Review by Gs_Anja -- Timewise by Robert Leet

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Gs_Anja
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Latest Review: Timewise by Robert Leet

Review by Gs_Anja -- Timewise by Robert Leet

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[Following is a volunteer review of "Timewise" by Robert Leet.]
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4 out of 4 stars
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Timewise is a first person novel about the life of an orphan, Ron Larson. In the novel, the reader learns about Ron's relationships, experiences and passions. He develops a passion for mathematics/physics, which is the main theme in the book.

Regina Russo can be seen as the catalyst. She is a physicist, much older than Ron, that takes an interest in him at a young age. Regina helps him, motivates him to work hard and awakens his passion for the scientific world. Throughout the novel, they lose touch many times but Regina always finds her way back into Ron's life.

Ron meets and is influenced by a few interesting characters besides Regina. Each person brings a new depth to Ron and his life by teaching him beautiful things about the world.

It is a beautiful read, even to someone who doesn't have a lot of knowledge on physics. The subject of physics is intertwined with life lessons. The book is beautifully written with a great, and definitely not predictable, narrative. Therefore, I rate the book 4 out of 4 stars and would not rate it any less.

The author conveys a optimistic tone. Only when called for, there was a despondency in the tone. I enjoyed this because it makes the reader feel good and inspired. The author has a great use of dry humor in serious situations, which helped keep the tone upbeat.

This novel not only entertains but also stretches the mind. This means that it is by no means an easy or fast read. There are a lot of complicated concepts, as physics plays a big role. However, the author has a amazing ability to make complicated ideas straightforward through the use of imagery. There are also a few useful diagrams. Both these elements helped me grasp the concepts in the novel and makes it accessible for individuals with little knowledge of physics. The author uses simple but effective words and metaphors. It is apparent that the author has a deep knowledge and love for the subject at hand. The descriptions and metaphors simplifies and beautifies the images created in the book. The way the author describes Ron's passion is superb - the reader can relate to the passion even if it is not a passion for mathematics.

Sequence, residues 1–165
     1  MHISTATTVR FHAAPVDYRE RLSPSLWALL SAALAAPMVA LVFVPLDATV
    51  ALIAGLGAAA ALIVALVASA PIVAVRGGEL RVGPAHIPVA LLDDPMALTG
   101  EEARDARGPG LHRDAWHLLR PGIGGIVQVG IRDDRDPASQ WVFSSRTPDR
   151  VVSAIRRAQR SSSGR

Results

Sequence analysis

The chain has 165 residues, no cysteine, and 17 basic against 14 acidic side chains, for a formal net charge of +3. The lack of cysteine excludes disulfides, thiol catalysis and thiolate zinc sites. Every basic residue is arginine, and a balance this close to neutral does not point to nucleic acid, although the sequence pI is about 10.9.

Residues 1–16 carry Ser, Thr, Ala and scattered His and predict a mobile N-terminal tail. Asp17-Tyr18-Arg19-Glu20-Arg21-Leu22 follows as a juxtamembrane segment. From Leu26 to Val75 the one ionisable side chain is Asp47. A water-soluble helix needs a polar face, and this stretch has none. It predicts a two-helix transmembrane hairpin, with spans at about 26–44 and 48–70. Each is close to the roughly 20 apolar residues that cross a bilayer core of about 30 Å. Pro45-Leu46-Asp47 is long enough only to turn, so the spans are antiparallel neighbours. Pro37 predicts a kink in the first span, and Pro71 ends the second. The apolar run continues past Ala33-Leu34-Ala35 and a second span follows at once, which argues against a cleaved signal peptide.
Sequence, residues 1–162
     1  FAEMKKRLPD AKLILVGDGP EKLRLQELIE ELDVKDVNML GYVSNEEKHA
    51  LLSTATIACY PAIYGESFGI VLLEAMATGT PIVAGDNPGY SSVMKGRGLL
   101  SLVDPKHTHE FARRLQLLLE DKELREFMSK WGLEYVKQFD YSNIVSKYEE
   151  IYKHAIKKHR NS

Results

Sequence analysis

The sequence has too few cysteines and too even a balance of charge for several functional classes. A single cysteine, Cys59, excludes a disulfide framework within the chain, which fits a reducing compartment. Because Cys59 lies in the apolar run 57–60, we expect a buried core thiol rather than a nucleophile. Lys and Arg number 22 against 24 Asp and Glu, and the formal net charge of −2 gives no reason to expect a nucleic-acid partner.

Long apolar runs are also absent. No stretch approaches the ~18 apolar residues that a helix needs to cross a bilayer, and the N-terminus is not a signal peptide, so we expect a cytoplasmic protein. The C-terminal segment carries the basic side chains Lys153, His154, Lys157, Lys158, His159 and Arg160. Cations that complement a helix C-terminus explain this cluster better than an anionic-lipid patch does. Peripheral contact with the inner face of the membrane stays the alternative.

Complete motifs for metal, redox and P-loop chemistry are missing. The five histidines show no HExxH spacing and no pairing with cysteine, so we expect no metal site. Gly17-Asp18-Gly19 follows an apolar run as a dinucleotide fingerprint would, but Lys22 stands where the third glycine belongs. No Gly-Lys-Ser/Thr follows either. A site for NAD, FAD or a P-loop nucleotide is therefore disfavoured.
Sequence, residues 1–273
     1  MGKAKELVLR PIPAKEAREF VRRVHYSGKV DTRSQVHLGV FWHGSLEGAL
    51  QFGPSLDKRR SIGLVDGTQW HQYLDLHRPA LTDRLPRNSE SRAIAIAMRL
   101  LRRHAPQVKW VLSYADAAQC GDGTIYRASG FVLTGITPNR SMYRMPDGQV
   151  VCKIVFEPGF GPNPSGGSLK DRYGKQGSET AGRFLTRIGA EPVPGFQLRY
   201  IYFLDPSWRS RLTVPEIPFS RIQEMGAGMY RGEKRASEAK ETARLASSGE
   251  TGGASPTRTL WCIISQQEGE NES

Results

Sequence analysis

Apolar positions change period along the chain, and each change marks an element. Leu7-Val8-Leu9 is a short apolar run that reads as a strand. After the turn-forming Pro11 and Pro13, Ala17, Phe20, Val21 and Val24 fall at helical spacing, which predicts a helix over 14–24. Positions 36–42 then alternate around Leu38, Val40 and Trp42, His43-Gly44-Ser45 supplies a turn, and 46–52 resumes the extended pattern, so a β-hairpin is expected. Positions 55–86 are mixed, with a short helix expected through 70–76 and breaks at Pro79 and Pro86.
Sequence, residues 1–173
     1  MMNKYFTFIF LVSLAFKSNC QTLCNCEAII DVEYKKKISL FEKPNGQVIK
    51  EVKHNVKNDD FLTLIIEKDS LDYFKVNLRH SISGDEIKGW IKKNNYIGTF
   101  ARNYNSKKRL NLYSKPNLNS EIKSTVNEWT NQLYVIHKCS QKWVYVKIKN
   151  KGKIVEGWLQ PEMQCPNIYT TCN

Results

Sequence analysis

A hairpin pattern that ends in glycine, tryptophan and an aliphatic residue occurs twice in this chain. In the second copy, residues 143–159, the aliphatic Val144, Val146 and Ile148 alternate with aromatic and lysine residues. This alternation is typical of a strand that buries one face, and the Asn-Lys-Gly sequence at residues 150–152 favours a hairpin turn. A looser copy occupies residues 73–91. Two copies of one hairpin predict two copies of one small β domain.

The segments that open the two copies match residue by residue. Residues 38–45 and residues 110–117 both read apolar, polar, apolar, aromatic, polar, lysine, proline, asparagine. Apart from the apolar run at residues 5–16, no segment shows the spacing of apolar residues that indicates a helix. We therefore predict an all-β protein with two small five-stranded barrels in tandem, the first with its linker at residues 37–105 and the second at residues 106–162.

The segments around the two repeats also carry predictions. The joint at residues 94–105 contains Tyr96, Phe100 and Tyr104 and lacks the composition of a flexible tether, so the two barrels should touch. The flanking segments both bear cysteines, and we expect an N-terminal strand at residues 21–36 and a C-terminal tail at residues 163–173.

There is a continuous mysterious feeling in the novel. Until near the end, Regina and her theories remains a mystery. It frustrates the reader and Ron as well. The shared sentiment connects the reader to Ron. An example of this, is through conversations. When Regina and Ron discuss physics, Ron would ask the things that the reader does not understand. This gives Regina the ability to explain further or simplify ideas so that the reader (and Ron) can understand better.

Conversations are excellently executed and have other purposes as well. It is used to highlight important parts of the novel. When a moment carries more weight, it will be in direct speech. Also, The author does not skip through parts of Ron's life, but rather summarizes it. As the novel covers a multitude of years, it gives the novel more depth.

One thing that I greatly admire, is the author's ability to appreciate, although not objectify, women. They are always written about with respect. Their beauty seems to have the same impact as their intelligence and personalities.

If I have to give one negative aspect, it would be that the secondary characters are sometimes a bit one dimensional. They are there for one purpose in the novel and fulfill their roles well, but never exceed beyond it.

Although I enjoyed this book immensely, I do not recommend it to everyone. Anyone who has neither knowledge or an interest in physics should not read this book. I do not have a lot of knowledge but was still able to enjoy it because I wanted to learn. This book is also not suited for individuals looking for a fast read in their free time: you have to make time and be open to learning when reading this book.

******
Timewise
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Kei Nakagawa
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Post by Kei Nakagawa »

Great review! I like your take on how Leet does not objectify women but actually celebrates them. Thank you for giving me a new perspective. The book is indeed a great read!
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MrCamunez
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Post by MrCamunez »

An orphan always gets to appreciate the value of the people around, since he knows what it means to come to this world without a pair of lovely arms to hold him as a baby. Thank you for the review!
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